In Part 2, Burroughs recognizes that though many would desire to be content, the desire itself does not make contentment any more real in experience. He writes "But you will object: What you speak of is very good, if we could attain to it; but is it possible for anyone to attain to this? It is possible if you get skill in the art of it; you may attain to it, and it will prove to be not such a difficult thing either, if you but understand the mystery of it."
For Burroughs, part of the 'skill' of attaining contentment is to understand the 'mystery' of it. He proceeds to explain, in 15 points, the mystery of contentment:
- The first thing is, to show that there is a great mystery in it.
- A Christian comes to contentment, not so much by way of addition, as by way of subtraction.
- A Christian comes to contentment, not so much by getting rid of the burden that is on him, as by adding another burden to himself.
- It is not so much the removing of the affliction that is upon us as the changing of the affliction, the metamorphosing of the affliction, so that it is quite turned and changed into something else.
- A Christian comes to this contentment not by making up the wants of his circumstances, but by the performance of the work of his circumstances.
- A gracious heart is contented by the melting of his will and desires into God's will and desires; by this means he gets contentment.
- The mystery consists not in bringing anything from outside to make my condition more comfortable, but in purging out something that is within.
- He lives upon the dew of God's blessing.
- Not only in good things does a Christian have the dew of God's blessing.
- A godly man has contentment as a mystery, because he sees all his afflictions sanctified in Jesus Christ, sanctified in a mediator.
- A gracious heart has contentment by getting strength from Jesus Christ; he is able to bear his burden by getting strength from someone else.
- A godly heart enjoys much of God in everything he has, and knows how to make up all wants in God himself.
- A gracious heart gets contentment from the covenant that God has made with him.
- He has contentment by realizing the glorious things of heaven to him.
- The last thing that I would mention is this, a godly man has contentment by opening and letting out his heart to God.
Some of these suggestions may be unclear, but the author does an excellent job of 'fleshing them out' with explanations, Scripture references, examples and analogies.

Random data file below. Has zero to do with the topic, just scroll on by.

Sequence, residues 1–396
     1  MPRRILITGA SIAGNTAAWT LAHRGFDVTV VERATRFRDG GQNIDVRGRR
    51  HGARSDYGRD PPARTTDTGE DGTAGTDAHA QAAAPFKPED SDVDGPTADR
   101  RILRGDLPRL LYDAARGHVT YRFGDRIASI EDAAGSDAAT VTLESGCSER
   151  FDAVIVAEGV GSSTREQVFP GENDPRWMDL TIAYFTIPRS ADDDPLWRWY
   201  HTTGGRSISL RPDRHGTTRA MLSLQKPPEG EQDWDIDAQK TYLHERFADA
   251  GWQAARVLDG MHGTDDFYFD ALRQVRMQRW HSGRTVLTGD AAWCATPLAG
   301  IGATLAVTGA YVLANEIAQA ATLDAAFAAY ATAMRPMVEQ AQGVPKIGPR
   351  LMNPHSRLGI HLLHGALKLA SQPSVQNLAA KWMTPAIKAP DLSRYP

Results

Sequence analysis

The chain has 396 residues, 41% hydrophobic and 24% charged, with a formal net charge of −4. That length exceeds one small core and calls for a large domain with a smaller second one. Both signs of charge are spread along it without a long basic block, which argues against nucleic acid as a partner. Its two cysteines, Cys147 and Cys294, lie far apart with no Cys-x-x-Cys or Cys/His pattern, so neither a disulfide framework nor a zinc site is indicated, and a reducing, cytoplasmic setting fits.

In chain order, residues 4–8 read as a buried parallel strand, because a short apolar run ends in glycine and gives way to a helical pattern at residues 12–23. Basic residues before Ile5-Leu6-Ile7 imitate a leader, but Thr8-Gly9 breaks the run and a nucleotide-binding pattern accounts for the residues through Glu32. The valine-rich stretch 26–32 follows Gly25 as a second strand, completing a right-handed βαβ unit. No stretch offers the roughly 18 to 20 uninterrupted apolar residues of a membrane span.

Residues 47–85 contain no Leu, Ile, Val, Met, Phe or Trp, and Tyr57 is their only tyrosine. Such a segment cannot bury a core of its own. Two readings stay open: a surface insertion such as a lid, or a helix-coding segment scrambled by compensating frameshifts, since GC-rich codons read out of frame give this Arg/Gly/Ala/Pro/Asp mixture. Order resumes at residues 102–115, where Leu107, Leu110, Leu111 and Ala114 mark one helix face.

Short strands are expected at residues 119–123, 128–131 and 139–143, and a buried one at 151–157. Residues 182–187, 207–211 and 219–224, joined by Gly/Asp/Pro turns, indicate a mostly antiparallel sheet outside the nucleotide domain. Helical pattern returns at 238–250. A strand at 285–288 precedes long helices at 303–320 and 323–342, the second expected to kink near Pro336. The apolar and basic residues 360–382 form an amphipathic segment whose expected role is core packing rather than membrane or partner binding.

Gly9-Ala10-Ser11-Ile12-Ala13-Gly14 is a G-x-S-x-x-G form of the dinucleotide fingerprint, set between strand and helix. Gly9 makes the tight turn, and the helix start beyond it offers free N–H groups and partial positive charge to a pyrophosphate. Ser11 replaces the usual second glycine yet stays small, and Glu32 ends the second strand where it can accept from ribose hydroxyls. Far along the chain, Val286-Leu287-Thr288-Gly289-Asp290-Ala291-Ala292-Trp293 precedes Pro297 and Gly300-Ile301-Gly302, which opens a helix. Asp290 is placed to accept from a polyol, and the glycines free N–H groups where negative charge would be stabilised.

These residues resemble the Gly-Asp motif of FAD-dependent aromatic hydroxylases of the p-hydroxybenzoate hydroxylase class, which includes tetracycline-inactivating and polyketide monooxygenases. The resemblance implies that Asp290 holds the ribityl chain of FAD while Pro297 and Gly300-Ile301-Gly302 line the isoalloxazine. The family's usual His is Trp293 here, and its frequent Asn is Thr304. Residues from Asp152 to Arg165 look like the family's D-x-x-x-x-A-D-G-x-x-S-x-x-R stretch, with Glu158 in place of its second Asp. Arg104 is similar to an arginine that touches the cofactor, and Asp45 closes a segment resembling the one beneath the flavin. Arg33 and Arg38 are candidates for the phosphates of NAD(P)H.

Some of his suggestions are very practical. In particular, I would like to consider his fifth point which reads: A Christian comes to this contentment not by making up the wants of his circumstances, but by the performance of the work of his circumstances. This really is a gem. Instead of worrying, complaining, whining, fretting or performing any other non-profitable and possibly detrimental actions, Burroughs implores the reader to be proactive in seeking contentment.
Burroughs explains it as such: This is the way of contentment. There are these circumstances that I am in, with many wants: I want this and the other comfort-well, how shall I come to be satisfied and content? A carnal heart thinks, I must have my wants made up or else it is impossible that I should be content. But a gracious heart says, 'What is the duty of the circumstances God has put me into?’"
This practical application of Burroughs' 'opening of the mystery of contentment' is doubly profitable. Firstly, it is part of process to learning the art of contentment. Secondly, it will be of benefit that one is actually doing something instead of moping or stewing over his or her difficult circumstances. "Let me exert my strength to perform the duties of my present circumstances. Others spend their thoughts on things that disturb and disquiet them, and so they grow more and more discontented."
Burroughs finishes this point with an appeal to the sovereignty of God: "O that should be the care of a Christian, to serve out God's counsels. What is the counsel of God? The circumstances that I am in, God has put me into by his own counsel, the counsel of his own will. Now I must serve God's counsel in my generation; whatever is the counsel of God in my circumstances, I must be careful to serve that. So I shall have my heart quieted for the present, and shall live and die peaceably and comfortably, if I am careful to serve God's counsel."
This is solid instruction. I hope to be able to apply this practically to situations I face. Along with the authors other suggestions, I think this point will help us uncover the 'rare jewel' that is Christian contentment.